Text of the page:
Field Events

 

Heavy Events


Open Events


16lb Shot
Light Hammer
Heavy Hammer
56lb Weight over the Bar
28lb Weight for Distance
Nant Stone
Caber

Open Events


16lb Shot
Light Hammer
Heavy Hammer
56lb Weight over the Bar
28lb Weight for Distance
Nant Stone
Caber

Trophies


Leslie Servant Memorial Cup for Best Junior Heavy Events
Games Cup for Open Heavy Events
The Goodale Rose Bowl for Best Local Heavy Events
The Biglie Cup for Open Caber Tossing
The Taynuilt Hotel Shield for Gents Tug o ’ War

Prize Money


Awarded for 1st, 2nd & 3rd in all events
Additional Special Prizes for Overall Points Gained: 1st, 2nd, 3rd & 4th
Prize for first person to toss TAYNUILT Caber (must be a true approved 12 o'clock toss. Judges decision is final)
Prize for Best Local Athlete in Open Heavy Events
Prize for all new end-of-day Field Records set

Putting the shot or stone


By tradition a smooth, round stone from the riverbed is used, weighting approx. 16lbs. Such a stone is still often found outside many farmhouses in readiness for an impromptu competition. The stone, and now also a cast round ball or shot, is putted from behind a straight stick 4’6” long and 6” high called a trig. The throw is measured from the centre of the trig to the first mark made by the stone.

Field Record – Nant Stone
Field Record – Putting the Shot
Local Record – Putting the Shot
Field Record – Nant Stone
Field Record – Putting the Shot
Local Record – Putting the Shot

Weight for distance


The weight is a ball and chain with a handle on the end, weighing 28lbs. One hand only may be used. Nine feet is allowed for stepping back and this is marked with a peg. The thrower stands beside the peg facing the trig and swings the weight to the side and then round behind him. Letting the weight drag as far behind him as he can he then pivots round once, twice and on the third turn he heaves the weight round and throws it as far as he can.

Field Record – Weight for Distance
Local Record – Weight for Distance
Field Record – Weight for Distance
Local Record – Weight for Distance

Hammer throwing


The Scots hammer has a wooden shaft and developed from throwing the blacksmith’s hammer or farm male hammers. Today’s hammer with its round head and whippy shaft was developed because the standard hammer broke so easily. No turning of the body is allowed. The thrower stands with his back to the trig and digs in with the aid of two 6” spikes with protrude from the front of his boots. The shaft is grasped firmly with hands made sticky with resin. He then swings the hammer round his head 3- 5 times and lets go.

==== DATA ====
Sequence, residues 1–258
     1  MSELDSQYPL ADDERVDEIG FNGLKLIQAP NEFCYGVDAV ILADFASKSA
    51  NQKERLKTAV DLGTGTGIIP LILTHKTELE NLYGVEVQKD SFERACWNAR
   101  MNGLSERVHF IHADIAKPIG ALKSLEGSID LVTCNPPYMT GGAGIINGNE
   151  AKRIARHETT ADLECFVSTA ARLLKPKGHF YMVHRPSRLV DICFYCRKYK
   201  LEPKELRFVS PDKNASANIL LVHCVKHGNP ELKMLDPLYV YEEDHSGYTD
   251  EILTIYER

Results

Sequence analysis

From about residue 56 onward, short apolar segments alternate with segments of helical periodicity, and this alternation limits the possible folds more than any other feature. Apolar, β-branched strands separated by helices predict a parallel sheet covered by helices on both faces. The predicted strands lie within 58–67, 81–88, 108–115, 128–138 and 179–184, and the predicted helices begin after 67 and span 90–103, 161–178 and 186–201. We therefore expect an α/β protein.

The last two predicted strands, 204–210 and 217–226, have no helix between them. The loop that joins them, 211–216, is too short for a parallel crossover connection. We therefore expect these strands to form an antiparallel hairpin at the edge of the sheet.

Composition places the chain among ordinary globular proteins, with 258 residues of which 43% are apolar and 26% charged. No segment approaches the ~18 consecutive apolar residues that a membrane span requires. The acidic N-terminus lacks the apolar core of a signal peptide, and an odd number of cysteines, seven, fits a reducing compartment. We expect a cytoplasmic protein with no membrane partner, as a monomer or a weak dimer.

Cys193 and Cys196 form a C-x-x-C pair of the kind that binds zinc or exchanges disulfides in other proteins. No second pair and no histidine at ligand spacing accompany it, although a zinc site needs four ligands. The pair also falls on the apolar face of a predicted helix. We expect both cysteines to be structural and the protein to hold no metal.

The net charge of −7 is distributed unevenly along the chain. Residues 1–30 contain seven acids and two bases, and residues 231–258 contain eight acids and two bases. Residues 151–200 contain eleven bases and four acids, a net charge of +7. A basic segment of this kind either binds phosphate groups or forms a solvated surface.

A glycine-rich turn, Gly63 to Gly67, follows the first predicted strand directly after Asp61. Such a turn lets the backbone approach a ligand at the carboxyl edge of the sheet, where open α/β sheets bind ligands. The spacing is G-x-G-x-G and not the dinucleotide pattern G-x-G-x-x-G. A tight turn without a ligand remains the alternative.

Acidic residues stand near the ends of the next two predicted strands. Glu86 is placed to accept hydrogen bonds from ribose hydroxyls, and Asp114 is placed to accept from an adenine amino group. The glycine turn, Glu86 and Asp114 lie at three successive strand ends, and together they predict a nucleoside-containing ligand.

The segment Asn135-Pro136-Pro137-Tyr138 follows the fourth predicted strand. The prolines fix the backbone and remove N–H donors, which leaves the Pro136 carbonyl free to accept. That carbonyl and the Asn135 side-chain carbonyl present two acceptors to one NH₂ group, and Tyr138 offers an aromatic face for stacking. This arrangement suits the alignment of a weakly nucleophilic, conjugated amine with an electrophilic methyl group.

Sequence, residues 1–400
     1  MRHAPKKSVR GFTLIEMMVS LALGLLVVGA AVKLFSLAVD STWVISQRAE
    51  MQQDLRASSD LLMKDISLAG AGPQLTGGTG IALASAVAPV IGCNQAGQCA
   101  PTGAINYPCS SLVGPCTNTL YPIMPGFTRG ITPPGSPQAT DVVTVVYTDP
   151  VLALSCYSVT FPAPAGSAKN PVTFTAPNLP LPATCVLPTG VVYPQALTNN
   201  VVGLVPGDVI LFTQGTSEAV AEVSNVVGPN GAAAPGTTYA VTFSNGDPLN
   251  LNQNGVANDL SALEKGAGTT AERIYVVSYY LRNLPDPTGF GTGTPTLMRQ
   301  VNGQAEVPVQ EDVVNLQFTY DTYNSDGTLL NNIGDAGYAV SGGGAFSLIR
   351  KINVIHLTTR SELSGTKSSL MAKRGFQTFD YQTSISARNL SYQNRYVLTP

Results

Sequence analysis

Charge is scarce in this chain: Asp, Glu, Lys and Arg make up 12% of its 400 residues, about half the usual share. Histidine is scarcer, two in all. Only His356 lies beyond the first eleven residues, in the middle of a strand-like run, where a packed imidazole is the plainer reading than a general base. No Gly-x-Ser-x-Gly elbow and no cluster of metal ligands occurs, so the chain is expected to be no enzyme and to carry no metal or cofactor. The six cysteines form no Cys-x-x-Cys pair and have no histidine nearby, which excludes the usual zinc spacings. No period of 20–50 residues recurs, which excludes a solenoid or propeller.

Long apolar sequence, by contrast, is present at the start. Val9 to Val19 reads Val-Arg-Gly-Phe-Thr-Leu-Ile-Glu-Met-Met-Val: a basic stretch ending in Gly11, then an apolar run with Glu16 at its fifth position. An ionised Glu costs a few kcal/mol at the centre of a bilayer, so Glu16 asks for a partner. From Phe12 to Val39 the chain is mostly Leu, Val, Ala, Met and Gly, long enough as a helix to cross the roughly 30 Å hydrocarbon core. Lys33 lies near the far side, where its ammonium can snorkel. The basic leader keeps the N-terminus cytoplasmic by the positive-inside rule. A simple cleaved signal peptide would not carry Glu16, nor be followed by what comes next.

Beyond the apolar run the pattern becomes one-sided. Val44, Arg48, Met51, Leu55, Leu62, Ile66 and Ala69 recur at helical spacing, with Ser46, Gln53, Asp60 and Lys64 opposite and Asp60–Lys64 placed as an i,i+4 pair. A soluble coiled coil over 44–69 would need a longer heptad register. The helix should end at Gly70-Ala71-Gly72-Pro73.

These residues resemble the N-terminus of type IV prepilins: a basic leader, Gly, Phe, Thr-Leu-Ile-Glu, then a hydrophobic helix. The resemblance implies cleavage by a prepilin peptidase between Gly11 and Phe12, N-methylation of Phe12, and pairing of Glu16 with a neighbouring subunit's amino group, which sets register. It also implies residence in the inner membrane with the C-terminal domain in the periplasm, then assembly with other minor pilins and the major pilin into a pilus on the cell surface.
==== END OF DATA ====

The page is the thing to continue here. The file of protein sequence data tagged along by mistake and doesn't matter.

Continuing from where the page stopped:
Field Record – Light Hammer
Local Record – Light Hammer
Field Record – Heavy Hammer
Field Record – Light Hammer
Local Record – Light Hammer
Field Record – Heavy Hammer

Weight over the bar


The weight weighs 56lbs and is thrown over a bar. Three attempts are allowed at each height and failure to clear leads to elimination. The competitor stands underneath the bar, picks up the weight with one hand, swings it between his legs and then up and over the bar. If thrown correctly the weight narrowly misses the athlete on the way down.

Field Record – Weight over the Bar
Gregor Edmunds 15’ 6”

Tossing the Caber


Caber tossing started as a strength competition among woodmen to see who could turn the biggest tree over. Thus they started with a large tree and shortened it until someone tossed it successfully. A typical caber is a tree trunk weighing about 150lbs, 18 feet long and tapering from about 9” thick at one end to 5” thick at the other. The Caber is not tossed for distance but for style. The competition is judged on an imaginary clock face which the tosser creates as he completes the toss. The tosser runs up balancing the caber as best he can. When ready he stops and tosses. This point is taken as 6 o’clock. The caber describes an arc, lands end first and completes its fall to the ground. A perfect throw is one which goes straight over and lands at 12 o’clock. The judge usually runs behind the competitor as close as is safely possible, to judge the position of the caber on the ground relative to the run up.


Tug O’War


Teams of eight with a coach pull against each other. The rope is marked 6 feet on either side of the centre. When the Judge commands “take the strain” and the rope is taut, he marks the middle of the rope by placing a stick in the ground. The contest is decided when one or other of the markers on the rope passes the maker on the ground.

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